A number of different factors can impact cultural values. What is culture? The definition adopted by the early childhood organization, Zero to Three is, “Culture is a shared system of meaning, which includes values, beliefs, and assumptions expressed in daily interactions of individuals within a group through a definite pattern of language, behavior, customs, attitudes, and practices”. This definition specifies several key factors. First, culture is shared among individuals; it is not the beliefs of a single person.
CULTURE’S CONTRIBUTIONS TO CHILD DEVELOPMENT
Culture provides tools for individuals to create scripts that they use to engage with and understand their environment and others in their environment. These cultural scripts become fully ingrained; they are not conscious, but rather considered, by the individual, to be simply the way things are. Culture is changeable, and may develop and adapt over time. While culture develops from interactions with the environment, including interactions with parents and caregivers, culture is not the same as ethnicity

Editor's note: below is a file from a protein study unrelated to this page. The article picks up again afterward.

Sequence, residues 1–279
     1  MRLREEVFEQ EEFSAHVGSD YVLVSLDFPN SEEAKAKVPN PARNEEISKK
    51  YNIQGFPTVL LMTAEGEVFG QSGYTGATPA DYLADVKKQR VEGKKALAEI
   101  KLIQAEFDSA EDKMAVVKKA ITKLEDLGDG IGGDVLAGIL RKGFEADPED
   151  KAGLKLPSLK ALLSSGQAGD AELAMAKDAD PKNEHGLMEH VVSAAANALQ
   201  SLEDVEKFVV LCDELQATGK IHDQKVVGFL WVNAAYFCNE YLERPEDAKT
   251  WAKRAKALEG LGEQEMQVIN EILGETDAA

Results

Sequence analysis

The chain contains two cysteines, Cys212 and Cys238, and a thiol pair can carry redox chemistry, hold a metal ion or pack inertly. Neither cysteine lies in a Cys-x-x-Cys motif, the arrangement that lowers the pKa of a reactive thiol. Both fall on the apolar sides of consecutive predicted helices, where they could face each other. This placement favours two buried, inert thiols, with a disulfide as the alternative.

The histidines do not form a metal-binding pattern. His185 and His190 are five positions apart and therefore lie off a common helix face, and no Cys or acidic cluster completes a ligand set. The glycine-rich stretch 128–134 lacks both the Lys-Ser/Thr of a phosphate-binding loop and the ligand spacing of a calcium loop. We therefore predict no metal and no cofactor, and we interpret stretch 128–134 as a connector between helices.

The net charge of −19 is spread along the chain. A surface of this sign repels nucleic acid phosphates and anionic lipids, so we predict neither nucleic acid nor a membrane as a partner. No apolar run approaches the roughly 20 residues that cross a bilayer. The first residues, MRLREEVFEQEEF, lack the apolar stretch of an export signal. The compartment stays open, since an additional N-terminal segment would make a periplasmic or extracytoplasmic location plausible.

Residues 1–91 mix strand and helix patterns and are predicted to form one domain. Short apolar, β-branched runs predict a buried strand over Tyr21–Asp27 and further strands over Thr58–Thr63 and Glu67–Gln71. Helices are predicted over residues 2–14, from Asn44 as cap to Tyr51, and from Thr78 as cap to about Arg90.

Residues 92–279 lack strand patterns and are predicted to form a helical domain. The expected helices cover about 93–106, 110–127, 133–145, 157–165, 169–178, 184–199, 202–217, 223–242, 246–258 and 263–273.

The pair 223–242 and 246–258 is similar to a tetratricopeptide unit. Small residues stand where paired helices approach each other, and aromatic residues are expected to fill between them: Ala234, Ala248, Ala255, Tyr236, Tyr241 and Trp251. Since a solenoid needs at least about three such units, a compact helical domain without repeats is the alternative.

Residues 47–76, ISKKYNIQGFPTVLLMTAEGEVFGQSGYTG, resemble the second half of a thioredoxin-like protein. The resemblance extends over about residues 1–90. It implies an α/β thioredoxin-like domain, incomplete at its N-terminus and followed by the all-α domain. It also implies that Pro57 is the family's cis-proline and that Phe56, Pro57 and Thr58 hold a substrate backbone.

IMPACT OF CAREGIVER’S CULTURE
First and foremost, individuals, particularly teachers, caregivers, and therapeutic professionals should recognize their own cultural perspective. For many professionals, their “culture of origin” or culture they grew up in and perspective that they developed is largely European American. There may be clashes and confusion between the values of the caregiver’s culture of origin and the parents’ and child’s culture of origin.
· CULTURAL DIFFERENCES
· CULTURAL SENSITIVITY
Parents and caregivers may, as the result of differing cultures of origins, have different beliefs about many aspects of child rearing.
· They may have a different vision of what success looks like for the child.
· They may have differing views on well-being for the child.
· They can have varied views on behavior and discipline, and therefore, different expectations of children’s behaviors and interactions.
· Caregivers, teachers, and others who associate with children and families can increase their cultural sensitivity in a number of different ways. First and foremost, caregivers can familiarize themselves with other cultural scripts than their own. One way to do this is to speak to parents about the type of adult they envision their child becoming. The individual they describe will help caregivers to recognize parents values.
· Individualist versus Independent Culture
· Some broad terms can be used to define cultures. Cultures are defined as individualist or interdependent.